13 Oct How Diabetes affects Daily Life
Diabetes is a prevalent illness that is preventable for many people. In adults, type 2 diabetes accounts for around 90% of all diagnosed cases of diabetes. The remainder of diabetes is related to type 1 diabetes, which is usually diagnosed during childhood.
How many people have diabetes?
Around 29 million Americans are living with diabetes, and of these, 8 million are unaware of their condition and not yet diagnosed. For adults aged 20 years and older, approximately 1 in every 10 people have diabetes, and for those older than 65 years, the numbers rise to more than 1 in 5. In 2012 alone, 1.7 million new cases of diabetes was diagnosed in the U.S.
Learning you have the life-changing diagnosis of diabetes means you will have to adjust your diet. This is one of the biggest challenges for many people. A change in diet involves eating foods that will not cause severe elevations in your glucose blood level. Dietary changes also affect family meal times, since you have to modify your food choices. This means you must eat smaller, healthier meals. It is often hard for family members to adjust, especially if they prefer high-carbohydrate foods that you must now give up.
To adjust to dietary changes, try out new tasty diabetic-friendly recipes. Introduce your family to healthy meals gradually, allowing them to eat things you cannot. Remember, growing children require many more calories than adults, so they can handle the carbs easier than you can. When dining out, choose restaurants that have diabetic meals, so you can enjoy the company of your dinner companions.
Once you have a diagnosis of diabetes, you will need to exercise regularly to regulate your blood sugar. This may be something that you are not used to doing. Start out with something low-impact and easy, such as swimming and walking. Gradually work yourself up to aerobic activities, such as jogging cycling, and dancing. Since excess weight is a major cause of diabetes, you may be able to regulate your glucose levels just by getting more physical activity.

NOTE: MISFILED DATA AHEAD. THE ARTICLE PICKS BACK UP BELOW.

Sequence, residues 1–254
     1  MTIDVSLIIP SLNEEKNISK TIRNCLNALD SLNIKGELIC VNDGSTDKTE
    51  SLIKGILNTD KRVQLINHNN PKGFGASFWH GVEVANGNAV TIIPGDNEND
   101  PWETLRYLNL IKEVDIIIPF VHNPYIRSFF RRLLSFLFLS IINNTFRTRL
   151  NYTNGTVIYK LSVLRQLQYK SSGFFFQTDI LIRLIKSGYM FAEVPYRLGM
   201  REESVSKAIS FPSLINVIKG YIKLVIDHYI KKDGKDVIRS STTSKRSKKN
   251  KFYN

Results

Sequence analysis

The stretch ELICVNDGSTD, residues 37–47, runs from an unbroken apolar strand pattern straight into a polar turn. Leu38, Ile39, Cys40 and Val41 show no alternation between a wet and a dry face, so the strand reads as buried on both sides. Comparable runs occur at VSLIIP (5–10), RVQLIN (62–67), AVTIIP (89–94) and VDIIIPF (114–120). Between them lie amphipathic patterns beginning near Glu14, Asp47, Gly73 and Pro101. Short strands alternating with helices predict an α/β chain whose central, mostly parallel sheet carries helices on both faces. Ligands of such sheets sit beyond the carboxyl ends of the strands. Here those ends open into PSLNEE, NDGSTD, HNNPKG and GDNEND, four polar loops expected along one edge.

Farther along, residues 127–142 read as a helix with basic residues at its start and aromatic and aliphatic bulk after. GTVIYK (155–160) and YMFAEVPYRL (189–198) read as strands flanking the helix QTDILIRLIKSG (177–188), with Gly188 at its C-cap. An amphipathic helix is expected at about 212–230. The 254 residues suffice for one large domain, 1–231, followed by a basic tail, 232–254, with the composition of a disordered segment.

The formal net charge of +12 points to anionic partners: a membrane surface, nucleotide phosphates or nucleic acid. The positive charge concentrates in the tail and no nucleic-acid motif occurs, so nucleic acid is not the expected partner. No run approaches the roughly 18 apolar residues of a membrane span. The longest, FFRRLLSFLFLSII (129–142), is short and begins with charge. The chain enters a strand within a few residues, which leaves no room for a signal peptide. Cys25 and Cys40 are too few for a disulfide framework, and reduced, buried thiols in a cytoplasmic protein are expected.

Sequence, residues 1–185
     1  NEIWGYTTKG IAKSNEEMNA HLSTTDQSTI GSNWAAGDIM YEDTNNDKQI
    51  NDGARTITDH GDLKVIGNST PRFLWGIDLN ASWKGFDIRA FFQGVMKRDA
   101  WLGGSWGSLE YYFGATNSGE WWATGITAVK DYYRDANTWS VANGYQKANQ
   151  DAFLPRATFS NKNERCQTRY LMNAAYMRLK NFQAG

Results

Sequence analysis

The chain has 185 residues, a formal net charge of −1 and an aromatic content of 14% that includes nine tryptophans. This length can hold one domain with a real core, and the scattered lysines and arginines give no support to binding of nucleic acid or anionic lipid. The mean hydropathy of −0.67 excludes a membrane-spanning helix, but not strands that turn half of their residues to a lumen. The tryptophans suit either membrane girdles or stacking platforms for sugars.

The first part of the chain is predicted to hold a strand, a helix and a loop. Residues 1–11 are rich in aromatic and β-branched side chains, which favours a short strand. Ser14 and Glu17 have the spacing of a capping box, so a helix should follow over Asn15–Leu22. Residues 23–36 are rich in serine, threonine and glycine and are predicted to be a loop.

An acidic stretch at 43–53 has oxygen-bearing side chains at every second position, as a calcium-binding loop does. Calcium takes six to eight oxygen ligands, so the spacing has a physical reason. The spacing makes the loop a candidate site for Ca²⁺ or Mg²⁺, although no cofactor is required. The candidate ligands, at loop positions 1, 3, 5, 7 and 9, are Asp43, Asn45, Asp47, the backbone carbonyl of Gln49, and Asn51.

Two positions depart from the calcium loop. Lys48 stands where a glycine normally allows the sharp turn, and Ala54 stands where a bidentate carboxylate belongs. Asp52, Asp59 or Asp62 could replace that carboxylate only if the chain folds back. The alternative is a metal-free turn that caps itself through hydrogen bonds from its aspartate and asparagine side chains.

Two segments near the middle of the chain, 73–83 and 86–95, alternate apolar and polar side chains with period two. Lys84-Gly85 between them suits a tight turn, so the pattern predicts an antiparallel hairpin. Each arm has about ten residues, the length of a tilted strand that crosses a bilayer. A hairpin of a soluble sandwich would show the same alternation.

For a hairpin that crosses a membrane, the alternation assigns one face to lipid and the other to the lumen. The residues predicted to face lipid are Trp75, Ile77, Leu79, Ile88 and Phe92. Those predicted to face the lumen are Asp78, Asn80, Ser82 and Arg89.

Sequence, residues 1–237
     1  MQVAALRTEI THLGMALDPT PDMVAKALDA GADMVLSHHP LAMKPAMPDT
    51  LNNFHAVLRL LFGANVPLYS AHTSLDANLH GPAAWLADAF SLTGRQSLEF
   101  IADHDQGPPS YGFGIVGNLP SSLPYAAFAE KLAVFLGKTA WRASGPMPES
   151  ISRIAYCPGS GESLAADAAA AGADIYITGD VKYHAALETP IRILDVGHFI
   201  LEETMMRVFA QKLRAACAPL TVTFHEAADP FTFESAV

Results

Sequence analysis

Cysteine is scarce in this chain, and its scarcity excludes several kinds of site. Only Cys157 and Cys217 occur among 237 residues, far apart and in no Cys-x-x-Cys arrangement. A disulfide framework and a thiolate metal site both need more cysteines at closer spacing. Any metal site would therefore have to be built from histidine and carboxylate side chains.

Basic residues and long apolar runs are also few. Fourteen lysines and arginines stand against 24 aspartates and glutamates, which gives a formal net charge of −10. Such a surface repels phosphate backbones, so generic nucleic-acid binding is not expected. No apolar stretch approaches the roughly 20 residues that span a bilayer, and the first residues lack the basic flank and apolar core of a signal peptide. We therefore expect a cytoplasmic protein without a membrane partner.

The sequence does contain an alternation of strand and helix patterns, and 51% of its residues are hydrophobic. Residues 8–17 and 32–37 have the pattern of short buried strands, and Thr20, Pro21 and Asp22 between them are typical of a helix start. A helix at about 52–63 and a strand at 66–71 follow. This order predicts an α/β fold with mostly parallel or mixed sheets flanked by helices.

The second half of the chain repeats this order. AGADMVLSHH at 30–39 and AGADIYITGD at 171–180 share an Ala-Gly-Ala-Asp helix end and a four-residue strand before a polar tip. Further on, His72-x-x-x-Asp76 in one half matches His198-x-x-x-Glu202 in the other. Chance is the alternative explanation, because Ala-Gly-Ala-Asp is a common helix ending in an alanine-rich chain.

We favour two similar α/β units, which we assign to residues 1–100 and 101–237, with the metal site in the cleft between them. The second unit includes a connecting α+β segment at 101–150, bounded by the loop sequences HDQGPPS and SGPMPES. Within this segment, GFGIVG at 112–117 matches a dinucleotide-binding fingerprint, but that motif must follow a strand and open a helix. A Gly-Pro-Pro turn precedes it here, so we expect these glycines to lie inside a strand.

Anyone who does not have an established exercise routine will have a hard time getting started. Choose an exercise you enjoy, and stick with it. It’s easier to exercise if you have a friend or family member do it with you. In addition, exercise at the same time each day, as a routine will make it easier for you.
Diabetes causes many physical symptoms, such as fatigue, thirst, and excessive urination. Many people with this disease have trouble getting a good night’s rest. Women with diabetes often report a loss of interest in sex, and they may experience decreased vaginal lubrication. In addition, women with high levels of glucose often experience yeast infections, which cause vaginal irritation and itching.
Diabetics can perform most any job that someone without the disease can do, but a few jobs may be restricted due to the type of work involved. Because you may have to administer self-injections of insulin or other medications, it may be awkward for both you and your colleagues. This can be made easier by finding a discrete, private place to administer your injections. Another problem that often arises for diabetics in the workplace is lost time from work. This can cause problems with employment. To avoid lost work days, keep your glucose under control.